a citizen’s journal by Thomas Nephew

Bush’s speech at Fort Bragg: a scorecard

Posted by Thomas Nephew on June 29th, 2005

On Sunday, Suzanne Nossel (DemocracyArsenal, via Stygius) provided a checklist for Bush’s speech on the Iraq situation at Fort Bragg. I’m going to use it as I read that speech, now available at the White House web site. Once I’m done, I’ll see how Ms. Nossel evaluated the speech.

1. Willingness to Face Reality about Conditions on the Ground
The mere fact of giving the speech ensured there would be some kind of nod in this direction, and there was: “The work in Iraq is difficult and dangerous. Like most Americans, I see the images of violence and bloodshed. Every picture is horrifying — and the suffering is real….” There was no insulting talk of “last throes,” either. Bush would later paint too rosy a picture of the current positives (Iraqi military training), but he didn’t underrate the negatives. Grade: B

2. Honest Appraisal of the Iraqi Security Forces
Bush didn’t argue this is a short-term push before we turn things over to a rebuilt Iraqi security apparatus, but he did pump up the impression of those Iraqi forces: “Today Iraq has more than 160,000 security forces trained and equipped for a variety of missions” … like silently hating their American colleagues. The Washington Post article Nossel cites makes clear to its readers what our Commander in Chief would not to his people: the Iraqi forces are still a paper tiger. Grade: F

3. A Characterization of the Insurgency
To judge by Bush’s speech, they’re practically all Al Qaeda terrorists. Indeed, that is the primary mission in Iraq: “Our mission in Iraq is clear. We’re hunting down the terrorists.” True, he leaves himself wiggle room: “Some of the violence … is being carried out by ruthless killers who are converging on Iraq…” But mainly, it’s terrorists, terrorists, terrorists. I don’t doubt many of them are non-Iraqis, but based on reports like this one, I do doubt most of them are, or that most of them aspire to jihad glory beyond Iraq someday. Listening to Bush, you’d think they all did. Grade: D

4. A Rejection of Partisanship
A specific repudiation of Karl Rove’s comments last week? None that I could see.I was prepared to give a B or a C if he merely mouthed bromides like “across the aisle” or “we may differ.” Wasn’t counting on that, though. Grade: F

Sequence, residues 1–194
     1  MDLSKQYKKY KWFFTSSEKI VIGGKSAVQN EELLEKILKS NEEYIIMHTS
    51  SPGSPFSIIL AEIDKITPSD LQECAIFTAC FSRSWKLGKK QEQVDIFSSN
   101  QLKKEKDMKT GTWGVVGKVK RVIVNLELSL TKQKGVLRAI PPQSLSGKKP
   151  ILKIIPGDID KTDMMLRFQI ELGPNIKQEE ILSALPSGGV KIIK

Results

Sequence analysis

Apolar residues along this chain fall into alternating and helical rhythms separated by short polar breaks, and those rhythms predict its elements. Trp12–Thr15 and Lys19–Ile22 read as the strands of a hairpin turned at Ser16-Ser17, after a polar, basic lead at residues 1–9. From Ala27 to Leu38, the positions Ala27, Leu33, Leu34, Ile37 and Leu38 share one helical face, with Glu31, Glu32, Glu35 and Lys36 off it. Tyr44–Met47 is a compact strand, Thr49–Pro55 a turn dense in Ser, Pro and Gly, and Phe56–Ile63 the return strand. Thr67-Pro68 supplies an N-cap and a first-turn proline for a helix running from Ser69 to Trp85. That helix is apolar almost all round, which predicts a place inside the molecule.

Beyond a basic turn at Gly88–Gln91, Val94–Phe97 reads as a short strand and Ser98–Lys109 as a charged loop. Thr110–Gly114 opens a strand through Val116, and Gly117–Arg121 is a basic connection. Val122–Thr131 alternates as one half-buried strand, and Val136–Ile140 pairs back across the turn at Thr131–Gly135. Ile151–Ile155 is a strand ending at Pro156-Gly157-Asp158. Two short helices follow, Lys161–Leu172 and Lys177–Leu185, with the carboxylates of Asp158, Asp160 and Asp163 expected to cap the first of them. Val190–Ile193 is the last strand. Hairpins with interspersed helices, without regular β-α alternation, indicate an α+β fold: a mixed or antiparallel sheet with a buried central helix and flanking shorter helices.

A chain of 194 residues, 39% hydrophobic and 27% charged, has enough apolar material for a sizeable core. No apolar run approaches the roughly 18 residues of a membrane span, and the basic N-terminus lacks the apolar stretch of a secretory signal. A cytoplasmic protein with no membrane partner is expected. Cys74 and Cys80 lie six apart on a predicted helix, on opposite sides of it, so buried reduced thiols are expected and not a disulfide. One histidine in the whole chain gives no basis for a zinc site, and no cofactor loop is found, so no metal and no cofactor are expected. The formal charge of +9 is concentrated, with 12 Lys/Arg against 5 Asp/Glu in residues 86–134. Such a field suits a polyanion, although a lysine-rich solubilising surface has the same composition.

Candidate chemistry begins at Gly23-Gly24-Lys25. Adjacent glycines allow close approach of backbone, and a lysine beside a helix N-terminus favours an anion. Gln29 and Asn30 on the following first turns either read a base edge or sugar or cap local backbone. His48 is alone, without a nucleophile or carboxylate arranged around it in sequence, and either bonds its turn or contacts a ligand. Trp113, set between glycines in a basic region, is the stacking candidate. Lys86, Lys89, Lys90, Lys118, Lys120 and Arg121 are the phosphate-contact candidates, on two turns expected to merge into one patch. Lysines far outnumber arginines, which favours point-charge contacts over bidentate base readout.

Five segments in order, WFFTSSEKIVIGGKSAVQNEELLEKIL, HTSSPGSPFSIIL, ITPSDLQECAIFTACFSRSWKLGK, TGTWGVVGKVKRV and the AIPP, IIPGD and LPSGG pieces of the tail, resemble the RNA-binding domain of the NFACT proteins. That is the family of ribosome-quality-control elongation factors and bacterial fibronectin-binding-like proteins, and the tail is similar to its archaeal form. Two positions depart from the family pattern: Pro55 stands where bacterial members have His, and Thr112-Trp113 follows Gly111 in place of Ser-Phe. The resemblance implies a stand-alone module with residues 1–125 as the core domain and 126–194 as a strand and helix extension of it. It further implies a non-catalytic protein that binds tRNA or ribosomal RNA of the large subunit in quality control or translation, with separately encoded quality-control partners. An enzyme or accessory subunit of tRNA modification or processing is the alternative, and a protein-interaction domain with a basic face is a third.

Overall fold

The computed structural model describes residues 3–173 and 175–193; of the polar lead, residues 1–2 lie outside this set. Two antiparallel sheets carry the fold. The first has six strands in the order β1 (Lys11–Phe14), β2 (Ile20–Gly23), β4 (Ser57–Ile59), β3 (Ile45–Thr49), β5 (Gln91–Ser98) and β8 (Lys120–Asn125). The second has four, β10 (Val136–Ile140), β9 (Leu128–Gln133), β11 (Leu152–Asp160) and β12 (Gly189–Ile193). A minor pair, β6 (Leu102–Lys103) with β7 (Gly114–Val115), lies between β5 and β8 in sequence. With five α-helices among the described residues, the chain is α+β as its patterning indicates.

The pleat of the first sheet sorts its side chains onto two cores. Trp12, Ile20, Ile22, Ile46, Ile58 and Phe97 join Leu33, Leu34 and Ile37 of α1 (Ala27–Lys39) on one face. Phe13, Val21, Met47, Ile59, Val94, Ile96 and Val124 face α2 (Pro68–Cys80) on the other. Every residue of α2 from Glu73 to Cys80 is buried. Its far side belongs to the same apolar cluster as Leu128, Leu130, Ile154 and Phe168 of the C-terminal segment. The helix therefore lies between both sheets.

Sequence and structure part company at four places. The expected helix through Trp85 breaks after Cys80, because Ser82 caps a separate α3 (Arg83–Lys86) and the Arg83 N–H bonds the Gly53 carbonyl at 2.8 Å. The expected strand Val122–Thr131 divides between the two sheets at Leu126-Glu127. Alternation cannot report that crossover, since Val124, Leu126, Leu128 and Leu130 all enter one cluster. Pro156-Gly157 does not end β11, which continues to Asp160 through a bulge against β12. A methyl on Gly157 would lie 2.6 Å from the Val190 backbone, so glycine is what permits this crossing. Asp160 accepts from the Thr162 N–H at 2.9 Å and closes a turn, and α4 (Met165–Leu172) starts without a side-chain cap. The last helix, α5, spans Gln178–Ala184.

5. A Commitment to Stronger Support for U.S. Troops
I think is not exactly what Nossel had in mind here. Cookies and e-mails for the troops don’t make up for paltry benefits or endless tours of duty. Still, it’s all many of us can do, hence the link. Grade: D

6. A Plan to Buttress Flagging Military Recruitment Efforts
Bush didn’t provide a plan so much as a sales pitch: “no higher calling” than a military career. As John Derbyshire pointed out in a rare off-key note over at The Chorus Corner, elites in this country don’t buy into this. At least there was no mention of a draft, either. Grade: C

7. A Plan for Victory
Ironically, Bush seems to be touting many of the same things Kerry was before the election: Get international help. Train Iraqi troops. Get international help. Plus: Stay the Course. Under No Circumstances: Raise Troop Levels. I don’t disagree with any of it; I hope Bush succeeds with all of it. But hope is not a plan. What was needed here was a re-evaluation of “victory” in light of the many failures so far: no WMD, Abu Ghraib, lack of international support, lack of security for Iraqis, especially those on our side. We didn’t get it. Grade: D

8. An Honest Assessment of Why Iraq Matters
As Nossel put it, “The notion that we are fighting terrorists in Iraq to avoid fighting them at home was spurious when Bush first said it.” But Bush repeated the claim tonight, and then relied on his military echo chamber to reinforce the message.

There is only one course of action against them: to defeat them abroad before they attack us at home. The commander in charge of coalition operations in Iraq — who is also senior commander at this base — General John Vines, put it well the other day. He said: “We either deal with terrorism and this extremism abroad, or we deal with it when it comes to us.”

There was no real acknowledgement that the American presence is also a recruitment tool for terrorists — which would lead to all kinds of apparently unwanted results, such as minimizing contact or drawing down troops.

Nossel wrote, “Bush needs to explain why Iraq now matters on its own terms.” He didn’t. To Bush, Iraq is mainly a front in the war on terror. To be fair, Bush also sells it as an investment in whatever fruits democracy will yield to Iraqis and to us when this fighting is over years from now. I’m not sure they’ll feel they owe us much allegiance by then. Grade: F

Overall Grade: D

Let’s see what Ms. Nossel said… looks like she’s generally more charitable in her post-speech scorecard (A-, B, C, B, D, D, F, D). She gives Bush higher marks for honestly appraising the Iraqi security forces, but still noted that “his somber assessment overstated the facts.” She also discerned some rejection of partisanship — but mainly in that he didn’t stoop to Rove-like rhetoric himself; I set the bar a little higher than that. On the other hand, Nossel didn’t give Bush the gentleman’s C I did for not hinting at a draft.

An interesting exercise, I think. Check out Nossel’s site, “Democracy Arsenal.” It features some fairly clear-eyed analysis of Iraq and military affairs from what seems to be a skeptical, left-of-center perspective. I’ll be dropping in more often. Thanks again to Stygius for the tip.

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